Two sides of omentum

Melissa Marino and Bill Snyder
Published: October, 2007

Tissue that surrounds the abdominal organs—the omentum and its overlying layer of mesothelium—could provide a promising source of stem or progenitor cells for heart repair therapies.

The omentum is fatty tissue that connects the stomach to the intestines. It is covered by mesothelium, which provides the tissue’s vasculature and which has remarkable regenerative potential.

Surgeons have used the omentum for many years as a sort of natural “bandage” to promote healing of surgical incisions and injuries, says David Bader, Ph.D, professor of Medicine and Cell & Developmental Biology at Vanderbilt, whose group first reported the angiogenic properties of mesothelium in the abdomen in 2005.

Bader is currently examining the mechanism behind the omentum’s healing properties and trying to determine if its mesothelial covering contains a source of stem or progenitor cells that could be used for regenerative therapies.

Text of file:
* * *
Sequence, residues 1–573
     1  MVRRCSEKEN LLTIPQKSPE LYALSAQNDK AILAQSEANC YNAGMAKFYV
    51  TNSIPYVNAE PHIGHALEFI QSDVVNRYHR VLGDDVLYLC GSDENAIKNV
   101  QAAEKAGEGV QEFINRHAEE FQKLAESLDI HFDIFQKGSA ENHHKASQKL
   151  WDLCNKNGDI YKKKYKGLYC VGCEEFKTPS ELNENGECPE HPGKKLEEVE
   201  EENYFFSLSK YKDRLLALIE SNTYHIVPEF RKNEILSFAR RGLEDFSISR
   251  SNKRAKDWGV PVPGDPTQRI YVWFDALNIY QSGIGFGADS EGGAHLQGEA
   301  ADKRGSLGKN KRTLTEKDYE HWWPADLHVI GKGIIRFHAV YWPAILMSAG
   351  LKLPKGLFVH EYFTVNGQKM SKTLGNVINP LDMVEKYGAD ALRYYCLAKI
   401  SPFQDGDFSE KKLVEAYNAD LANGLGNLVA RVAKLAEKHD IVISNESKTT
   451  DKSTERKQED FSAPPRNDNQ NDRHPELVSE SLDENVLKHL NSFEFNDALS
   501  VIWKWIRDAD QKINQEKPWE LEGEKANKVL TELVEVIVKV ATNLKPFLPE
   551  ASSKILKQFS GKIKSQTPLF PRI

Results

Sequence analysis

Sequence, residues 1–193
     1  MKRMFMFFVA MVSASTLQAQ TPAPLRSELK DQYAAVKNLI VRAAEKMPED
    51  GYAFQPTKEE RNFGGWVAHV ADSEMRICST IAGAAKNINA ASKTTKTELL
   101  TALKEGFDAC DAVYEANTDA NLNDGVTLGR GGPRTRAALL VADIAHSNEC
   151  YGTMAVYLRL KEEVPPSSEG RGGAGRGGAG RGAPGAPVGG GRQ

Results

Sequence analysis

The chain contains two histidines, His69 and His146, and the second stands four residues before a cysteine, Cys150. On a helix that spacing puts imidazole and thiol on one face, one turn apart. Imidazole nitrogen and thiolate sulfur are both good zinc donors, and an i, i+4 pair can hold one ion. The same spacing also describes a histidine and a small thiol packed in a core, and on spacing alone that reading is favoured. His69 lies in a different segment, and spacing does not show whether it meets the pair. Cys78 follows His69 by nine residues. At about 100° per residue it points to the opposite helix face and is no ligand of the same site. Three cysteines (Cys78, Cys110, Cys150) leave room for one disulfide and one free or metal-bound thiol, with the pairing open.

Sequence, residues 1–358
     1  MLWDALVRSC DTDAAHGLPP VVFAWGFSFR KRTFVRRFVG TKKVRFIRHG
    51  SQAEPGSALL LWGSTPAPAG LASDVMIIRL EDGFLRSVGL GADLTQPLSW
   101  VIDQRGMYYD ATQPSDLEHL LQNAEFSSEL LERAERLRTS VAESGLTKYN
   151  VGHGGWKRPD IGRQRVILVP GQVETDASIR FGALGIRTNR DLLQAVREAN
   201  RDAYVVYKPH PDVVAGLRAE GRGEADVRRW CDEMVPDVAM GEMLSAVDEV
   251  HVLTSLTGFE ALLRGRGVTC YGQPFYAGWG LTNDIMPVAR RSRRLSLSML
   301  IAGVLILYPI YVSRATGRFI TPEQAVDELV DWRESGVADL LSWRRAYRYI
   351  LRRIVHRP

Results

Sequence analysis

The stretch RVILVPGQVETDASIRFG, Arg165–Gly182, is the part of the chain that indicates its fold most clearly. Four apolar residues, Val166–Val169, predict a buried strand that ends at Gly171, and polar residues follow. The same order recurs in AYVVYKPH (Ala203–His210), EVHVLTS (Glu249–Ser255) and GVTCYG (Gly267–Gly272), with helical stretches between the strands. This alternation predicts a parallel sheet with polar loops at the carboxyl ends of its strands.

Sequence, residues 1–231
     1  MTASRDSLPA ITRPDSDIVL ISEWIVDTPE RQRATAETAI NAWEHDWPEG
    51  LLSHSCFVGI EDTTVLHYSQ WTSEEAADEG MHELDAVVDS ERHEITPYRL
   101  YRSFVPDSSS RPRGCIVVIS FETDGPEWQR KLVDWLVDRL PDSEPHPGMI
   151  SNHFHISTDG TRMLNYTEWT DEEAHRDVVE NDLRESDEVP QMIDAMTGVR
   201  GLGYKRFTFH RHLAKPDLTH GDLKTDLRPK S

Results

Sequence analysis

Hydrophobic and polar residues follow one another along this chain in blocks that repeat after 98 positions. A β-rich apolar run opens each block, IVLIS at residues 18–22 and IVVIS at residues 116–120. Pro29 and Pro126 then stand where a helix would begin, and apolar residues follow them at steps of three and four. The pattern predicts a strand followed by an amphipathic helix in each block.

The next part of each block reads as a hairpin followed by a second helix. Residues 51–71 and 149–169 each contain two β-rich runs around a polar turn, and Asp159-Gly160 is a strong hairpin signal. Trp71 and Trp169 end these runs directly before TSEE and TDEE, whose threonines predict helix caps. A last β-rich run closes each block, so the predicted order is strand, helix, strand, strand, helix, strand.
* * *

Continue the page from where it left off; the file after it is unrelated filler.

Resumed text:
“It is very easy to turn these (mesothelial) cells into cells that make blood vessels,” Bader says. “They like to make stuff like blood vessels, smooth muscle, endothelium”—a capacity that would be very useful in heart repair.

During embryonic development, the mesothelium provides progenitor cells for the development of several organs.

“The adult structure has the capacity to do produce these cells when stimulated,” says Bader. “I don’t know that the naturally-occurring process would be reparative, but we have found a way to ‘wake up’ that embryonic potential.”

Omentum is not without its dark side, however.

Central obesity, the accumulation of intra-abdominal fat, is a well known risk factor for cardiovascular disease. There is some evidence that removal of the omentum during gastric bypass surgery reduces that risk.

Omentum is not a neutral tissue. It is rich in macrophages, a type of white blood cell that produces inflammatory factors called “adipokines,” says Alfonso Torquati, M.D., assistant professor of Surgery in the Vanderbilt Center for Surgical Weight Loss.

Some adipokines are protective, while others can damage the endothelium, the inner lining of blood vessels.

In 2007 Torquati and his colleagues began a look at the effect in obese patients with diabetes of gastric bypass surgery on sub-clinical atherosclerosis (thickening of the wall of the carotid arteries as detected by ultrasound) and on levels of levels of inflammatory factors in the blood.

“Our theory is that with gastric bypass surgery, we induce a reduction of the ‘bad’ adipokines—TNF-alpha, IL-6—and we increase the ‘good’ adipokines like adiponectin,” Torquati says.

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